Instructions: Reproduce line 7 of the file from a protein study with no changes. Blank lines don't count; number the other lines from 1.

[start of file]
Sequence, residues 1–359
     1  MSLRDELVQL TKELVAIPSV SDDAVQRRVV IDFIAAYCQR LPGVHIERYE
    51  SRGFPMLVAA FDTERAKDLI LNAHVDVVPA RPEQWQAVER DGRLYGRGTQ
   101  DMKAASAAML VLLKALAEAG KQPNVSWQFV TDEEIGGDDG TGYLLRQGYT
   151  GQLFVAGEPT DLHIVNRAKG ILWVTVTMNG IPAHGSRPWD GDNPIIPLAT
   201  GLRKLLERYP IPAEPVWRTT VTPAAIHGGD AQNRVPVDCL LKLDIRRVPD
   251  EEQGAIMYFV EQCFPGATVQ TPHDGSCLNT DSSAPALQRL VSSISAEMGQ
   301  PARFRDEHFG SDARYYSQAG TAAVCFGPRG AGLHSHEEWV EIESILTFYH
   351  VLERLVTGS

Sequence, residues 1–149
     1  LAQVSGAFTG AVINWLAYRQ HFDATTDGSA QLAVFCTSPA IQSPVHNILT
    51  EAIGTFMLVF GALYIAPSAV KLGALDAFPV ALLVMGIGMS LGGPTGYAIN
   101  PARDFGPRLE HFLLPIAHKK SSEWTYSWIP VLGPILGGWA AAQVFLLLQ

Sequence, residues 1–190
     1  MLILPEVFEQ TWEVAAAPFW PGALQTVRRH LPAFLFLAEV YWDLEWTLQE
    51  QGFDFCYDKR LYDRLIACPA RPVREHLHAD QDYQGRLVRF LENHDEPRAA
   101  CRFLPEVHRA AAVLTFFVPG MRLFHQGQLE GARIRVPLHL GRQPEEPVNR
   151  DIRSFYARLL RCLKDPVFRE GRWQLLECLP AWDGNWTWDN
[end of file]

   251  EEQGAIMYFV EQCFPGATVQ TPHDGSCLNT DSSAPALQRL VSSISAEMGQ